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Home / Health & Science

When cancer runs in the family

By MACTILDA MBENYWE | Mon,Feb 01 2021 16:00:00 EAT


Eunice Mulehane, cervical cancer survivor speaks of how the scourge has a trail in her family. [Collins Oduor, Standard]

“We didn’t understand, until my father died of stomach cancer, that it was all genetic and frequent screening was the only option to save my family,” Eunice Mulehane says with a pained look in her eyes. 

When her father died in 2017, Eunice had just finished cervical cancer treatment, which had entailed the removal of her womb (hysterectomy). At the time of this interview with My Health last week, her sister was fighting breast cancer, while her niece is battling cancer of the eye. 

It was due to these experiences that Eunice went for further training to become an oncology nurse.

Despite being around cancer patients and knowing so much about the disease, in addition to her personal experience, she admits that a frisson of fear runs down her spine any time relative shares that they even have a slight ache. 

“It’s a fear I may always have,” says the 48-year-old woman.

According to Dr Mohammed Ezzi, an oncologist, cancer is caused by mutations or changes to genes that control the way body cells function. This causes them to behave irregularly, making one susceptible to getting any type of cancer. These genes can be passed down families to cause hereditary cancers.

Hereditary cancer is diagnosed when close family members are observed to be developing cancer.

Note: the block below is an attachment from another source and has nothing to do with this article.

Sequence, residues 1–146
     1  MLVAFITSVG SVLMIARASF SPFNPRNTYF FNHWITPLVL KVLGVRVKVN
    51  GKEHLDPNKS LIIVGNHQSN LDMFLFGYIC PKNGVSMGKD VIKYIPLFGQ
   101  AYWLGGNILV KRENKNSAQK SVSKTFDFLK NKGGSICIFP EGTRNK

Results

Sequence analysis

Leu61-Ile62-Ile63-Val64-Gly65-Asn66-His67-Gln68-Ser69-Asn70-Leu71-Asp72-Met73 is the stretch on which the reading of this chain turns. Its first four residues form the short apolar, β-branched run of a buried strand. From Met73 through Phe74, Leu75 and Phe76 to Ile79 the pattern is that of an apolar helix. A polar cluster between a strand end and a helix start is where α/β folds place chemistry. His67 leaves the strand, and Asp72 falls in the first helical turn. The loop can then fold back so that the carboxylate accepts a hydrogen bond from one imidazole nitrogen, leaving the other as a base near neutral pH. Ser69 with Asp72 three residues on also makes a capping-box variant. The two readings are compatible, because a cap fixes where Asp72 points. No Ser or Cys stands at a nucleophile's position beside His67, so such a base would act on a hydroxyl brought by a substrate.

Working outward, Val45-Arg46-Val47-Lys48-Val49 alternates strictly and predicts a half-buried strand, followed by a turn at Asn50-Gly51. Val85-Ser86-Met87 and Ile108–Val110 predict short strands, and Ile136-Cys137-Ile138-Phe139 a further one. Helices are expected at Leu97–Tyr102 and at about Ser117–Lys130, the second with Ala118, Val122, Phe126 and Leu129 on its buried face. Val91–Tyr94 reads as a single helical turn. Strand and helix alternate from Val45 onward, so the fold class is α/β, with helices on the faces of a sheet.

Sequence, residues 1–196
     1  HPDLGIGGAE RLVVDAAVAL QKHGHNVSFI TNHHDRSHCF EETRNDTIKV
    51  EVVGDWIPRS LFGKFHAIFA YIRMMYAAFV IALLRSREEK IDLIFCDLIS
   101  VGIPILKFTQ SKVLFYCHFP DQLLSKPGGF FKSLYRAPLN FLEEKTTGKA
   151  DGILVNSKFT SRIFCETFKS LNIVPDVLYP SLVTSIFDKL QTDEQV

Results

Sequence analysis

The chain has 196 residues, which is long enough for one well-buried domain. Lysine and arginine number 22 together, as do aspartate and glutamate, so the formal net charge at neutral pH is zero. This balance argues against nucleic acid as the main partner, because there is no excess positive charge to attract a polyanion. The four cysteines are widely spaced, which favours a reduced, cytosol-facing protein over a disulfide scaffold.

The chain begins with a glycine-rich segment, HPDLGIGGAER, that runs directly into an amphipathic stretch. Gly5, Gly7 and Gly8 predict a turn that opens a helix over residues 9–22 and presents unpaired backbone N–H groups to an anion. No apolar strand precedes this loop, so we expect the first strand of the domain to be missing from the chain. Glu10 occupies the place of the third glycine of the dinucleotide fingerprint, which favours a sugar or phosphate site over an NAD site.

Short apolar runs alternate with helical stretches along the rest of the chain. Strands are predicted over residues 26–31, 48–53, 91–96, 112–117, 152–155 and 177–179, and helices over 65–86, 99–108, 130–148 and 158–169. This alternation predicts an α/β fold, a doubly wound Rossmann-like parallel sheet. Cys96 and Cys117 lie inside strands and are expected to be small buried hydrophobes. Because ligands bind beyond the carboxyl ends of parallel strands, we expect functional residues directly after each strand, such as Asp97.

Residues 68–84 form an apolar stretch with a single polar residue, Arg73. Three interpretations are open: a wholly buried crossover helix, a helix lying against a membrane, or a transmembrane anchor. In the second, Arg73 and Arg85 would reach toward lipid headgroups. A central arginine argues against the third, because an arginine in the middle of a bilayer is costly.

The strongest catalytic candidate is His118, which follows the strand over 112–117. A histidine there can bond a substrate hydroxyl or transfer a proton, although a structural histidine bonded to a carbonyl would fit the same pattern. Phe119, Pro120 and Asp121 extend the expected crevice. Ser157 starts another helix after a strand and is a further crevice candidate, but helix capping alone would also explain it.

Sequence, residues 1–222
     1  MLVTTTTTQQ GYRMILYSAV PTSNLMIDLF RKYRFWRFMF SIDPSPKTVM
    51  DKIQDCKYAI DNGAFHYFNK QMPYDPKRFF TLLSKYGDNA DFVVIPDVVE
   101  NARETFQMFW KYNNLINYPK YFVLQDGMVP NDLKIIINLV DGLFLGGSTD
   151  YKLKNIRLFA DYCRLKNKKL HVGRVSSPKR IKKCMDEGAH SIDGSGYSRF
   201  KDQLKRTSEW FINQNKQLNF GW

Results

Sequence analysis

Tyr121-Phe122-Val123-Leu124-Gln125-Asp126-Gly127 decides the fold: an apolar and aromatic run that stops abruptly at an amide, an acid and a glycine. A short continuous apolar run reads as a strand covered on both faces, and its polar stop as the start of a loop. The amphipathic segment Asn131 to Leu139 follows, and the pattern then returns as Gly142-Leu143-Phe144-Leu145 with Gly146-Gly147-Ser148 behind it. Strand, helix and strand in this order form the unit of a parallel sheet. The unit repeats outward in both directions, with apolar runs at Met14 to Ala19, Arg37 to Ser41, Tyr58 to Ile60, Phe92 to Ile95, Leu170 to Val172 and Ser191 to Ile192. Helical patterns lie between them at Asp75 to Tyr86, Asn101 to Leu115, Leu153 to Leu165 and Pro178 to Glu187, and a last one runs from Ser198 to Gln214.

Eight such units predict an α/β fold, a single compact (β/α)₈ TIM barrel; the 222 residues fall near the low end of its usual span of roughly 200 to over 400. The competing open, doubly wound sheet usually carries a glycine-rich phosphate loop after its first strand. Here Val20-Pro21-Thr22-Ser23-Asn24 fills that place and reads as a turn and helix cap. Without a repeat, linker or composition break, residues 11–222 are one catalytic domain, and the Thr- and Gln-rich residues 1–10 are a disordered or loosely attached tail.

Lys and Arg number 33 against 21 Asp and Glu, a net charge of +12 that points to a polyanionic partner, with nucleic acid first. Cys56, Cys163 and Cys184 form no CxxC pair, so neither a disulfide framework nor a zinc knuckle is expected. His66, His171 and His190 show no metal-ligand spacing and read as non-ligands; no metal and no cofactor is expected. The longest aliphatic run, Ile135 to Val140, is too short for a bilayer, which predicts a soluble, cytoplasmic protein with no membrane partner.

“When we see a very strong family history of cancer, especially in the first degree relatives (parent, siblings and children), we suspect there must be a hereditary problem,” he says.

Families with hereditary cancers are however not a common occurrence. “In a population of say 500 cancer patients, there could be only three with a strong family history of the disease.” Most cancers are caused by gene mutations that occur in one’s lifetime and aren’t in an egg or sperm cell like in the case of hereditary cancers and thus aren’t passed down to the next generation. 

In Eunice’s case, Dr Ezzi observes that there is a possibility that something in their genetic make-up is predisposing them to cancers. “Also, they might be living in an environment that is predisposing them to cancer or some toxins in the environment.”

Eunice was the first in the family to be diagnosed with cancer.

“The cervical cancer was at stage three. This was in 2015, but the pain started in 2013, with unpredictable bleeding spells, which could last for two days and then stop.”

She also lacked balance, especially on the left side of her body, and the pain was persistent.

“One day I had arrived at work and lost balance completely, falling down. Then I suddenly started bleeding,” she says.

The medics suspected that she had suffered a physical injury in the cervix and uterus, but she knew this to be untrue. “They listened to my concerns and recommended a biopsy. The results showed that I had cervical cancer and needed urgent surgery.”